There are three main considerations when choosing the right watercolour paper for your painting. These are quality, weight and texture. Choose the right one for the job and half the work is done. As with your style of painting techniques (opens in new tab), there is no right or wrong, it’s just a question of what produces the results you require and feel comfortable with.
The best watercolour papers are made from either wood pulp or rag-content composition on mould machines. Wood pulp, such as Bockingford, is less expensive, generally whiter and has a less absorbent surface.
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Rag papers, such as Saunders Waterford, will look slightly off-white and absorb the paint more readily. Handmade special-texture papers are also available but we will not look at those for now.
All papers are manufactured and sold by weight, measured either in pounds or grams per square metre. The most popular art papers are 140lb (300gsm), 200lb (425gsm) and 300lb (638gsm). The heavier the paper, the more water can be applied without ‘cockling’ (see box, right).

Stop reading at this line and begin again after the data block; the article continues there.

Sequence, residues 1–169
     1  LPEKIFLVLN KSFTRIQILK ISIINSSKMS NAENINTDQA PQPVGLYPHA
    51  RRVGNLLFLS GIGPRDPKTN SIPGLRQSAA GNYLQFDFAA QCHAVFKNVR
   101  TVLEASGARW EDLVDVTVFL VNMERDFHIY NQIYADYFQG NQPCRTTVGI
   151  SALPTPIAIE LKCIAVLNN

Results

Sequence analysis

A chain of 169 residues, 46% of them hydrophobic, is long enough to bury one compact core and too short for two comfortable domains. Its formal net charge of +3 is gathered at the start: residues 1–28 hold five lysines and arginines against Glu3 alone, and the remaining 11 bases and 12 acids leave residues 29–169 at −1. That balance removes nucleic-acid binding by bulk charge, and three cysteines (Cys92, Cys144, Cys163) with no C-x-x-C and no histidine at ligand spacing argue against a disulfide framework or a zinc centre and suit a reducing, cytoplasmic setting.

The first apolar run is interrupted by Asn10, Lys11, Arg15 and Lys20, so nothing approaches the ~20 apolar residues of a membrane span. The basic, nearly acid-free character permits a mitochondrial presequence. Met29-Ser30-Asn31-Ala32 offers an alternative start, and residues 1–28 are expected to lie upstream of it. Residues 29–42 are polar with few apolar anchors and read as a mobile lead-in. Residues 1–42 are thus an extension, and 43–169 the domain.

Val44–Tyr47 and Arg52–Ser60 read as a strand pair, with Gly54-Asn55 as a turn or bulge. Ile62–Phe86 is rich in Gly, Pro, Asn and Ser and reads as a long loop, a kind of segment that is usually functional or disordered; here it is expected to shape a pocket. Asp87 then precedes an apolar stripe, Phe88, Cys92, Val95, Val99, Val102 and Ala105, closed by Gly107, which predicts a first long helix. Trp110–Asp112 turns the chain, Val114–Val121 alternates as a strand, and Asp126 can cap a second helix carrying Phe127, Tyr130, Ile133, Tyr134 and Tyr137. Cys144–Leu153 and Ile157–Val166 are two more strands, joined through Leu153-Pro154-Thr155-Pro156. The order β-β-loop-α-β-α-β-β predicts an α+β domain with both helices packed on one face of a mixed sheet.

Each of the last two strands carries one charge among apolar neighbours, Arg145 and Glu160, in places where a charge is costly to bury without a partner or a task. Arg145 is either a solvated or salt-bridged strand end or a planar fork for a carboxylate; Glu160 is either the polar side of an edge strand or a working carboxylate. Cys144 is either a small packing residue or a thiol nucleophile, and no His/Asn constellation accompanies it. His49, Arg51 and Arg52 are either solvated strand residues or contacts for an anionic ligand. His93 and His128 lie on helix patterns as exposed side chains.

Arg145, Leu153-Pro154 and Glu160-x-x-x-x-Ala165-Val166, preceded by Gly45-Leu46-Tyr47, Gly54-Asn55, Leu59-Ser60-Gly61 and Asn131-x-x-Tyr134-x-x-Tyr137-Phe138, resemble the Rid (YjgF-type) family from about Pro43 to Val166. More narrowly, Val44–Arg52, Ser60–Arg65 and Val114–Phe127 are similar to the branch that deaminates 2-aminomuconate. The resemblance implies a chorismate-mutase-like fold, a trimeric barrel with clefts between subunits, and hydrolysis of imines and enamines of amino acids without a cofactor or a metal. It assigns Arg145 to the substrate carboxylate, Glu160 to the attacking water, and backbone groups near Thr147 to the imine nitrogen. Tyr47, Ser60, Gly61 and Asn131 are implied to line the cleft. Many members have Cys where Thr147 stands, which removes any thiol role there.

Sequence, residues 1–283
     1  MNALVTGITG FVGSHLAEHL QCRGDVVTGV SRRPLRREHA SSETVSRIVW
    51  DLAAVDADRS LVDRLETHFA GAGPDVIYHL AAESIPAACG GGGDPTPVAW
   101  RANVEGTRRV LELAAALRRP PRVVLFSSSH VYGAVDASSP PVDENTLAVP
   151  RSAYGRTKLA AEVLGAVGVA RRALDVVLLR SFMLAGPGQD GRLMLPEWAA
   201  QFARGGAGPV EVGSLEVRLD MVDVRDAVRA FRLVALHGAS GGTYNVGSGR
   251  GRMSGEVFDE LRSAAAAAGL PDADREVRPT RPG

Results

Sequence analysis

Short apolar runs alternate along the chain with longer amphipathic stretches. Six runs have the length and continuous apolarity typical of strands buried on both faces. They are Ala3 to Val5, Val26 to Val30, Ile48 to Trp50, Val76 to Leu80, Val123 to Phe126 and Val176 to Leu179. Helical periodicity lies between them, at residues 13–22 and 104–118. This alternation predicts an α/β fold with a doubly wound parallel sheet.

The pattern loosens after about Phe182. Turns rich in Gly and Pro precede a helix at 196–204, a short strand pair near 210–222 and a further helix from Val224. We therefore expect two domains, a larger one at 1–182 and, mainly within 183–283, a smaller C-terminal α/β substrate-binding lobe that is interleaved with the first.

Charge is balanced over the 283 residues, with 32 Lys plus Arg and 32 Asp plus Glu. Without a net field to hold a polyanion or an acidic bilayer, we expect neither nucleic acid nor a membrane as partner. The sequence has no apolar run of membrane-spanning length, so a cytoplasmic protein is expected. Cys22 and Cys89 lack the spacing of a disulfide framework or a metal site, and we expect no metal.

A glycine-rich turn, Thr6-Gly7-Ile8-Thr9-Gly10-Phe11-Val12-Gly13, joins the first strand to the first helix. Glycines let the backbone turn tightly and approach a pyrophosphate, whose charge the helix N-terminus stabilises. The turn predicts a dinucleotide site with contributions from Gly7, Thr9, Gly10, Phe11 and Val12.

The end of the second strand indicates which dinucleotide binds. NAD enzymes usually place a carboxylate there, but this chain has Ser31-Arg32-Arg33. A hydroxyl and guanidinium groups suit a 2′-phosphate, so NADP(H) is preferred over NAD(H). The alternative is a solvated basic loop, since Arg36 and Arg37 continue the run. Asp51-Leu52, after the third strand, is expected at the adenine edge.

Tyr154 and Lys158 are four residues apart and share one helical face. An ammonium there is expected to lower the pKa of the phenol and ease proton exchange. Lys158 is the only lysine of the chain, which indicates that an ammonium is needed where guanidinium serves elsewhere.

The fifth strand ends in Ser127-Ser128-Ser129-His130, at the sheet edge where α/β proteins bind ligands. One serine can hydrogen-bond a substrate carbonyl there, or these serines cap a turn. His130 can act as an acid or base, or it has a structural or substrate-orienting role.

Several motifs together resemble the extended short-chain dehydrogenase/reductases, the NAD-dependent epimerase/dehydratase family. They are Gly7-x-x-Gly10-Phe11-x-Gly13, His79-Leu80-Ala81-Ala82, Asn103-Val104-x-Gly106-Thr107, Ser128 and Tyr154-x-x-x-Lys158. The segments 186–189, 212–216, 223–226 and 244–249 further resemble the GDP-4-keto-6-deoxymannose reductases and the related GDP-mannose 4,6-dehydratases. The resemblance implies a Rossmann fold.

There are three standard machine-made options. The smoothest surface is hot pressed (HP). Cold pressed (CP or NOT) offers a slightly raised surface. Meanwhile, rough has a textured surface. If you want to paint fine detail you would probably opt for an HP surface. Working on seascapes or atmospheric creations I prefer rough paper. CP has a nice balance between the two for more general artwork.
This article was originally published in Paint & Draw (opens in new tab) magazine issue 2. Buy it here! (opens in new tab)
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